Auto thefts and recyclers
Following a recent raid of Recyclage D’Auto Yasmine, a used car parts facility in St. Eustache, Quebec, the Laval Police Department has charged the owner with 258 counts of accepting stolen goods.
Canadian police authorities believe this raid has led them to the largest “chop shop” facility in Canada. Suspicions were raised due to the high volume of luxury cars entering the facility. Authorities are inspecting more than 700 complete vehicles, as well hundreds more in the process of having their parts removed. The ongoing search of the 100,000 square foot lot has yielded many luxury SUVs, Mercedes and similar high-end vehicles.
Unfortunately, while the raid’s focus on putting an end to the illegal activities was applauded, the public was once again given the impression that some automotive recycling operations are involved with criminals.
This is an impression that George Eliades, the CEO of the Automotive Recyclers Association (ARA), does not appreciate and works hard to challenge. Of the approximately 7,100 licensed vehicle recycling operations (recycling and dismantling) in the United States, the ARA represents around 1,000.
Eliades noted that while there may be some automotive recyclers who do accept stolen goods, he is only aware of one case. In that situation, a Louisiana-based operation was involved in accepting stolen vehicles, however, that person is now back in business and runs a clean operation.
“A car is stolen every 26 seconds,” says Eliades. “Interpol says the annual car theft ring is a $20 billion operation. The chop shops are where these stolen vehicles wind up.” However, to put the situation in perspective, 95 percent of all the vehicles worldwide that are retired from use are legitimately recycled by law-abiding automotive recycling operations.
“We want to protect the reputation of this industry,” says Eliades. “We have a hard enough time fighting this ‘junk yard’ label as it is. As such, ARA works with local law enforcement on these matters as well as with national crime fighting bureaus. ARA is involved with the North American Export Committee. We also work closely with the National Insurance Crime Bureau (NICB).”
The ARA is also working with the United States Congress to secure national legislation to address the problem.
“People will steal a car to get the VIN number,” Eliades said. “They’ll take the VIN from a car bought at an auction and put it on the one they stole so they can have a clean title.” The ARA is hoping that Congress will soon a pass a bill that will require the public disclosure of VIN (Vehicle Identification Number) registration numbers of total loss vehicles through the placement of those records on an accessible electronic database. Currently, the United States House of Representatives and the Senate are each looking at separate but similar bills on this subject.
“This public disclosure is essential so that people can get the history of a vehicle as soon as that car is declared a total loss or reaches end-of-life and prior to the consumer’s purchase of that vehicle,” says Eliades. “We are also trying to get an export provision added to the legislation that would prevent the export of multiple vehicles using the same VIN number.”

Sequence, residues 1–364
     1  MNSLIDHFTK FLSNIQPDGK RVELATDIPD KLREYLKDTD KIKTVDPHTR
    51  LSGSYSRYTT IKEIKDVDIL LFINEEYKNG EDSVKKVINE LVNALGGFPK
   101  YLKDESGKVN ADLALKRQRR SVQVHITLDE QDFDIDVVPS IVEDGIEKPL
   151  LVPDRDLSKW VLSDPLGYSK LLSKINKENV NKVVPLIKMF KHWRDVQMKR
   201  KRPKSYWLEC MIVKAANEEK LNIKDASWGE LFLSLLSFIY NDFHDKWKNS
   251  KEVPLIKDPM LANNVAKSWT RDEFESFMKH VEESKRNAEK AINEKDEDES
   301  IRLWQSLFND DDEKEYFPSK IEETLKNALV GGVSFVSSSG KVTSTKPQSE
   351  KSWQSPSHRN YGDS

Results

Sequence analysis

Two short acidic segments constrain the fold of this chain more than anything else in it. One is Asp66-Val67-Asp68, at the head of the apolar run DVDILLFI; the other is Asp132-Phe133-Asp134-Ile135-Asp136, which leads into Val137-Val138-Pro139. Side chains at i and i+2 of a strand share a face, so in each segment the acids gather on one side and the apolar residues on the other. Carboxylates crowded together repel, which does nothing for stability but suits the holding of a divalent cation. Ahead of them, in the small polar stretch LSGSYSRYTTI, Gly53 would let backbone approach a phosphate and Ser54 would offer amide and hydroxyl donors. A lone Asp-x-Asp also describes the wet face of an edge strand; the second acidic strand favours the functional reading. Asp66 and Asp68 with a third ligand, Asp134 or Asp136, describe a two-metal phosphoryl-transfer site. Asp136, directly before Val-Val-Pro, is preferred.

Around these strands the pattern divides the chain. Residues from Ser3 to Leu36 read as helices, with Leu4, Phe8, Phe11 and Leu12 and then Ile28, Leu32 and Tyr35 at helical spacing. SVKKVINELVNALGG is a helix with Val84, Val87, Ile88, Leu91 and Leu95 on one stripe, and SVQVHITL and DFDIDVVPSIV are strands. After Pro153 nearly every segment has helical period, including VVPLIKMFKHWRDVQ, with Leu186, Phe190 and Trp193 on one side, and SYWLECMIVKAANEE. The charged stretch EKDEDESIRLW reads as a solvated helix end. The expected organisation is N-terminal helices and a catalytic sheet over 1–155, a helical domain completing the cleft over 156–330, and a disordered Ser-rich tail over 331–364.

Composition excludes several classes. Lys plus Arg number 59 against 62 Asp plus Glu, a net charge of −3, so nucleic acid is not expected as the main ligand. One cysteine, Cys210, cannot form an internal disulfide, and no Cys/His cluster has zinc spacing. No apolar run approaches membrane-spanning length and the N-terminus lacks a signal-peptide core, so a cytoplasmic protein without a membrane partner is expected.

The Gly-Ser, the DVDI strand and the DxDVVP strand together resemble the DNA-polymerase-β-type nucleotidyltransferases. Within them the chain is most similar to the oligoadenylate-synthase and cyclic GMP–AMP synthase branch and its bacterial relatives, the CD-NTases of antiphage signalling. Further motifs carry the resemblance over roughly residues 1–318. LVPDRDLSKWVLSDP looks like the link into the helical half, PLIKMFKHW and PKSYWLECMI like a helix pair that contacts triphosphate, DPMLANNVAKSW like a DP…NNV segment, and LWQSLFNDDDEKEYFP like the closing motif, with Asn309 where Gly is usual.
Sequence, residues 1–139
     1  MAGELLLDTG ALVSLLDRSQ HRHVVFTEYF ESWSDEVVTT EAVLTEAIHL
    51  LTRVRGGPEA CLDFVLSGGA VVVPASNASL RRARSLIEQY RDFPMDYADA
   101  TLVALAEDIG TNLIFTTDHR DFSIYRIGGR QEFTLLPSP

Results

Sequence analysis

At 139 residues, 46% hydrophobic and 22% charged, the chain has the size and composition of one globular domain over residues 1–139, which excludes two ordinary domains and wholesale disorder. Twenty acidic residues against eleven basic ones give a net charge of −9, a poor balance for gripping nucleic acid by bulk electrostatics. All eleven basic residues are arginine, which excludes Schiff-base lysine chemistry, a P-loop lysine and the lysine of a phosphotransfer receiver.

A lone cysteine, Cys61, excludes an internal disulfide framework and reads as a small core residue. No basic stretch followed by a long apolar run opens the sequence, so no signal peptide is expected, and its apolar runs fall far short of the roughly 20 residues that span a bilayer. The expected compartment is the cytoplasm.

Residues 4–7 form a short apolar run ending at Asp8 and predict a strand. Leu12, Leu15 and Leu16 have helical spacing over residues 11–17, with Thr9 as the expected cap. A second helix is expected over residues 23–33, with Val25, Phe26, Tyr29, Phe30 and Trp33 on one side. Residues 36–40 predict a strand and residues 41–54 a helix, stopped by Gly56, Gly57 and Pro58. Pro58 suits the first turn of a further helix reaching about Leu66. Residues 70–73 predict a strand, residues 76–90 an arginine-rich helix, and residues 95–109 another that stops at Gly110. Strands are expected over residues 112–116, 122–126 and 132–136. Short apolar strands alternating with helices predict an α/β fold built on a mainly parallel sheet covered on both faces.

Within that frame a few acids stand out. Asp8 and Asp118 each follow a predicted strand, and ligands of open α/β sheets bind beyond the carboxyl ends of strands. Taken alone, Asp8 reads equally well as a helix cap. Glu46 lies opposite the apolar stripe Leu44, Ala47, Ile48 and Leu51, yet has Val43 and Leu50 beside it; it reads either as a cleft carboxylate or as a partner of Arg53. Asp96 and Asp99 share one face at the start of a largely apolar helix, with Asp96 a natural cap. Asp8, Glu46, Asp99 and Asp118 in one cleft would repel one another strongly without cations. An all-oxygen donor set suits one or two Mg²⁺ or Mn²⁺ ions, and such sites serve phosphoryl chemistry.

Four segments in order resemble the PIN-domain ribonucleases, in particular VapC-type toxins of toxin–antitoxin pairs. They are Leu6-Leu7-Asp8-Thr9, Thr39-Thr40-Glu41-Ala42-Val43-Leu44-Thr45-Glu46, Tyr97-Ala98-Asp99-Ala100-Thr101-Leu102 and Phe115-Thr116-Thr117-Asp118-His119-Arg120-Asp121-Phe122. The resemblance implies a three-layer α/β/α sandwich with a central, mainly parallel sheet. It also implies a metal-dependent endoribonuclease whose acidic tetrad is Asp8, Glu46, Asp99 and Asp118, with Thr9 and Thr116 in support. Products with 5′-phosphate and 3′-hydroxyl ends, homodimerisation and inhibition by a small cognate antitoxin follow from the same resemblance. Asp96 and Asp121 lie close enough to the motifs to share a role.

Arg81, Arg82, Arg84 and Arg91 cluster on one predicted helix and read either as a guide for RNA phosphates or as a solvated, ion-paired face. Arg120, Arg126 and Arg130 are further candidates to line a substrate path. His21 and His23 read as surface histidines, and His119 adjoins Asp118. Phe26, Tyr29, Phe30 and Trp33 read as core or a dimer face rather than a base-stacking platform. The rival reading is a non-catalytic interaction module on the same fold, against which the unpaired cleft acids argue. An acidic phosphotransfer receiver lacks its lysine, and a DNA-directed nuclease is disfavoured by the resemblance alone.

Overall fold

There is pretty good support in both United States political parties for the legislation. On the Senate side, Senate Minority Leader Trent Lott (R-MS) introduced legislation (S.545) that is gaining interest, while in the House, public VIN disclosure is being advocated for by both Republican and Democratic members.
“We are trying to get this legislation passed in the 110th Congress to try and prevent some of the criminal activities that are involved with motor vehicles,” says Eliades.
Supporters of the legislation are regularly adding cosponsors, working on the language along with passage strategies. Unfortunately, according to Eliades, “the longer this vetting process continues, the more likely congressional interest will wane due to other more pressing or politically-attractive issues.”
The ARA stresses that much of the criminal activities with vehicles are based on a lack of integrity in the vehicle titling process, VIN data availability and the increasing value for stolen parts. Many vehicle thefts occur in order to secure the catalytic converters, which contain platinum, radium and rhodium.
“Criminals are breaking into repair facilities to clip these parts,” says Eliades.
These valuable metals are much sought after commodities even though current law in the United States does not allow for these devices to be re-attached to vehicles.
Also highly sought after automotive parts are OEM non-deployed air bags, adds Eliades.
“The VIN data is important,” he notes, because “the automobile titling laws in the 50 states and District of Columbia are confusing, contradictory and incomplete.”
The problem is compounded because insurance companies do not have to report all of their total loss declarations.
“They report most of them to NICB, but they don’t have to do it,” says Eliades. “Why don’t they do this? Because they want to sell that vehicle, and consumer’s full knowledge of the vehicle’s history may result is a lower auction price or worse, an inability to sell the vehicle. As such, insurance companies have a strong incentive to oppose more aggressive state laws.”
Eliades bases this view on State Farm admitting in 2003 that it sold more than 30,000 vehicles without a salvage title – cars that experienced severe damage. While insurance companies need only title a vehicle according to the particular requirements of state law, the confusing titles and “brands” can mislead consumers.
By having a public database of total loss vehicle VINs, purchasers of used cars can learn about the vehicle’s history prior to purchase, and parts from a vehicle could be identified, thus making it easier for industry and the police to determine whether a vehicle had been stolen.